Berry's then attorney, Hamilton, in a letter to Maj. Gen. Thomas H. Neary, commander of the 20th Air Force, which oversees Berry's unit, has requested removal of these comments. The attorney also asked for an investigation into anti-Catholic statements allegedly made by Berry's commanders to junior officers equating Berry's beliefs with racial bigotry and sexism and ridiculing Catholic bishops.
‘An Issue of Sanity’
The policy of stationing men and women in such close quarters is “silly and stupid, quite apart from the religious aspect. It's a case of worshipping at the altar of political correctness,” according to Rep. Roscoe G. Bartlett, R-Md., member of the House Armed Services Committee who is championing Berry's cause.
“One man, one woman, one bed, 24 hours,” Bartlett told reporters. “It's an issue of sanity.”
In July, Bartlett and 77 other members of Congress wrote to Gen. Michael Ryan, Air Force chief of staff, protesting Berry's treatment.
The letter expressed concern that “lack of accommodation for religious beliefs could discourage men and women of faith from pursuing careers in the military. Why should potential recruits or officers of faith join the Air Force if it does not honor their requests for a religious accommodation, under service regulations?”
Gen. Ryan responded to the congressmen with a letter released Aug. 4, just before the press conference: “I fully agree that the United States Air Force must accommodate religious beliefs to the maximum extent possible.” Nevertheless, he wrote, Berry's superior officers have determined that the lieutenant's “personal convictions could no longer be accommodated without creating an unacceptable impact on the unit's ability to accomplish the military mission.”
He added that Berry would “soon be scheduled for training to a new career field, followed by an assignment to another installation.”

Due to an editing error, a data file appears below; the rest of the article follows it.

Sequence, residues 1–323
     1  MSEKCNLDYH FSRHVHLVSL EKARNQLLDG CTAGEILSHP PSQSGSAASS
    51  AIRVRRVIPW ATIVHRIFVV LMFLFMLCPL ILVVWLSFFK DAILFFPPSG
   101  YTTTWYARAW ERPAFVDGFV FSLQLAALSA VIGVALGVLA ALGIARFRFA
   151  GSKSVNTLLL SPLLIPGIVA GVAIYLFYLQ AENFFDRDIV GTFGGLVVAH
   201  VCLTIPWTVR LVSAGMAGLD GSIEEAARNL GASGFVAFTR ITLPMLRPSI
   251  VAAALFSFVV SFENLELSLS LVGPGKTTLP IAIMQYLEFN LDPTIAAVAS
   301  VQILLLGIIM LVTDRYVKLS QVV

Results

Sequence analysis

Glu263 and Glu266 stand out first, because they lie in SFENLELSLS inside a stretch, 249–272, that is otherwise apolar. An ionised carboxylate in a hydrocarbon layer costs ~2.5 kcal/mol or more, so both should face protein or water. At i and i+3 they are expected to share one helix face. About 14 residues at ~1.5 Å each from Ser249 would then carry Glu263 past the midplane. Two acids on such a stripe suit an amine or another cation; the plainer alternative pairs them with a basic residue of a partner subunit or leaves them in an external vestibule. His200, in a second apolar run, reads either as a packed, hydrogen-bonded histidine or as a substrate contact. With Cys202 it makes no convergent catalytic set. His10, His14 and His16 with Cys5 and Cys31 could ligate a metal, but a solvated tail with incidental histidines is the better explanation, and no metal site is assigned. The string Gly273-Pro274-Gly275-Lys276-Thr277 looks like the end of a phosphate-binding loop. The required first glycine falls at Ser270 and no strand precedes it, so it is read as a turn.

Attorney Hamilton told reporters that the general's letter was “a vapid response. It's nonsense. Lt. Berry is being punished for what he thinks. He's been ostracized. … If the Air Force persists in stigmatizing Lt. Berry as a malcontent, we will exhaust all administrative remedies, and then we will bring suit.”
Anita Blair, president of the Independent Women's Forum and recent chairman of the Congressional Commission on Military Training and Gender-Related Issues, has concerns about both military readiness and morale.
“Lt. Ryan Berry is only being realistic,” she said in a recent press release. “Coed missile silo duty is a high-risk assignment for any man, who could easily lose his entire career if his female partner later charged him with sexual harassment.”
She points out that the Air Force is suffering from severe personnel shortages and it projects a deficit of 2,000 pilots by 2002. In light of these shortages, she asks, “Surely the Air Force would accommodate a request from a nonsmoker, or a Wiccan. Why not a faithful Catholic husband?” Wiccans, practitioners of witchcraft, are permitted to have ceremonies on Army bases.
Archbishop Edwin O'Brien, archbishop for the military services and a moral theologian, agrees that Berry is acting in accordance with Catholic doctrines of avoiding scandal and occasions of sin. In a letter to Maj. Gen. Neary, the archbishop wrote that Berry “has willingly and effectively served alongside female crew members.” Nevertheless, the archbishop stated, “the Air Force must not ignore sexual differences.”
Retired Army Lt. Col. Robert Maginnis, senior director for national security and foreign affairs of the Family Research Council, put the incident in perspective in a recent press release: “Lt. Berry never refused to serve with a female officer. He only expressed to his commander his religious objections and asked that his waiver be extended.
“In a time when the military continues to face scandals such as Tailhook and sexual harassment trials, the action taken by the Air Force to punish Lt. Ryan Berry for fidelity to his wife and faith are absurd and inexcusable. The modern military is pushing a radical feminist agenda without regard for military necessity.”
Una McManus is based in Columbia, Maryland.